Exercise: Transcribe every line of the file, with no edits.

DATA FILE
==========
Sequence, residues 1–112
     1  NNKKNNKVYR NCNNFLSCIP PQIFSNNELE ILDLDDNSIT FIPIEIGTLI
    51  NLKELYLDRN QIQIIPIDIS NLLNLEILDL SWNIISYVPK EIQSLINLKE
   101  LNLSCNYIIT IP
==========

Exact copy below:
Sequence, residues 1–112
     1  NNKKNNKVYR NCNNFLSCIP PQIFSNNELE ILDLDDNSIT FIPIEIGTLI
    51  NLKELYLDRN QIQIIPIDIS NLLNLEILDL SWNIISYVPK EIQSLINLKE
   101  LNLSCNYIIT IP